A few weekends ago I went to the Rocky Mountain Bird Observatory's member picnic at Barr Lake State Park northeast of Denver. I gave a talk on digital bird photography to a small but intent group. It was good to see many friends there, tuck into some good bar-b-que, and see a few birds. RMBO lined up some exhibitors including the Rocky Mountain Raptor Program, which brought along a couple of education birds. I immediately keyed in on the Northern Goshawk perching on a volunteer's arm.
Not only is this one awesome raptor, but the species is one of my top nemesis birds. You see, I've observed them, including a couple of memorable close encounters, but I still haven't photographed a wild one. In a classic D'oh! moment a few springs ago, I had spent all day counting birds on the Dinosaur Ridge Hawkwatch west of Denver with my camera at the ready. The trail is kind of steep and rocky, so I packed up my camera for the walk back down to the car at the end of the day. Sure enough, as I came to a switchback at the edge of the sharp ridge, a Gos wheeled up from the other side right in front of me, into the wind, with the afternoon light illuminating every feather. Yeah, my camera was nice and secure in my backpack... Oh, well! Since then I still haven't seen one close enough to snap away. I think one problem is that even when I have one that would be OK for at least a study shot, I'm too busy staring at it to make sure it isn't a Cooper's, and by the time I realize I should snap some frames the thing is gone- in my experience, Goshawks don't linger much. Except when I'm not there. Seems like every other birding buddy of mine has had one perching calmly within at least digiscoping range, or even in their back yards! But not me. Yet... Some October soon I've got to camp out at Duluth's Hawk Ridge 'till I get my pic. Crazy thing is that I've seen one there, too, but too far away for shutter work and it was a slow day so we didn't stick around for long. Instead, a few buddies and I chased a Fork-tailed Flycatcher in Thunder Bay, Ontario. Got it- cha-ching!- and for now, a fair trade for my missing wild Gos pics.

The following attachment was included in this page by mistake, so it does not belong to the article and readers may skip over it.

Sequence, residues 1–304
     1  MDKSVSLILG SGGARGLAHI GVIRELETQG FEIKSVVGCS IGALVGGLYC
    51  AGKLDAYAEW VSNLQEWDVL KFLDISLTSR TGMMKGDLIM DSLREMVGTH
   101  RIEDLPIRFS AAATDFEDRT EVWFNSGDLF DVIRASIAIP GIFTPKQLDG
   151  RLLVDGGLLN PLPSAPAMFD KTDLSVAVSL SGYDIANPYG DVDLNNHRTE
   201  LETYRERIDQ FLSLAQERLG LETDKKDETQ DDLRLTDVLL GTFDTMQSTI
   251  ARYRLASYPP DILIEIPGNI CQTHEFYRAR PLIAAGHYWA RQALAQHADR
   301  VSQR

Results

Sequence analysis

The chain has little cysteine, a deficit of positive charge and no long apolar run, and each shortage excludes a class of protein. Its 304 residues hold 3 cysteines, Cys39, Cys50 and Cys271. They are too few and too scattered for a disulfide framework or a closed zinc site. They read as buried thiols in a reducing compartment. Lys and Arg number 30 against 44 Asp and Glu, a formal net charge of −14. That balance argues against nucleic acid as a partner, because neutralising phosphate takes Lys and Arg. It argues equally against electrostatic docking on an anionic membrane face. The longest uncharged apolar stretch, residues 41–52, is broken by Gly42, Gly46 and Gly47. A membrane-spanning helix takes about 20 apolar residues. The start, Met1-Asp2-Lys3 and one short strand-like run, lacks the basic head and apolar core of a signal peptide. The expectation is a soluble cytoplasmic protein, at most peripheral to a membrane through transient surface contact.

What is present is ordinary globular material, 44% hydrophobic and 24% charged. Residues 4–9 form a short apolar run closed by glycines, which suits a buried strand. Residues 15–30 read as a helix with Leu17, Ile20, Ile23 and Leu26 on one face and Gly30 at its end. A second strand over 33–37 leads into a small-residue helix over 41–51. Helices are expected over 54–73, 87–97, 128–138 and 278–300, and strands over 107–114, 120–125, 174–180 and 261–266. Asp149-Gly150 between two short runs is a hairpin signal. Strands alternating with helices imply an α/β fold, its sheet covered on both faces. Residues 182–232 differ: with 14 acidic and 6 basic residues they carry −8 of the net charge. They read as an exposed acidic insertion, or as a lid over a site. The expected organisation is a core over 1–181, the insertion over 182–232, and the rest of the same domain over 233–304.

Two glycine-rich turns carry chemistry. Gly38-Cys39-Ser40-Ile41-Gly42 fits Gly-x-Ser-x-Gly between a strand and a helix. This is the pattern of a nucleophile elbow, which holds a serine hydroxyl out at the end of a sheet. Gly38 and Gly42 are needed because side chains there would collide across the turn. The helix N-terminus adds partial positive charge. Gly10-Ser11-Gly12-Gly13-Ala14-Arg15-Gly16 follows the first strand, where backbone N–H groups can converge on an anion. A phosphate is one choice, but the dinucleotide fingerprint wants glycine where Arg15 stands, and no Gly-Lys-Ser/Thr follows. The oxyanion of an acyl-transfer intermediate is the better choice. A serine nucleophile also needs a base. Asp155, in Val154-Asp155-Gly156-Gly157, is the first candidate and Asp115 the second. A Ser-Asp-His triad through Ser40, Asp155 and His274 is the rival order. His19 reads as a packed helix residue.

Anyway, the Rocky Mountain Raptor Program folks also brought along a very inquisitive Turkey Vulture. I had trouble getting a profile shot because it kept looking at me, or maybe its reflection in my camera lens. While not a nemesis bird in any sense for me, it was so cool to see the facial details. Kind of funny that in the second picture you can see the van that the birds came in reflected in its eye! And the mostly bare head lets you see the ear canal, obscured by auricular feathers in most birds.
Tundra Swan Song
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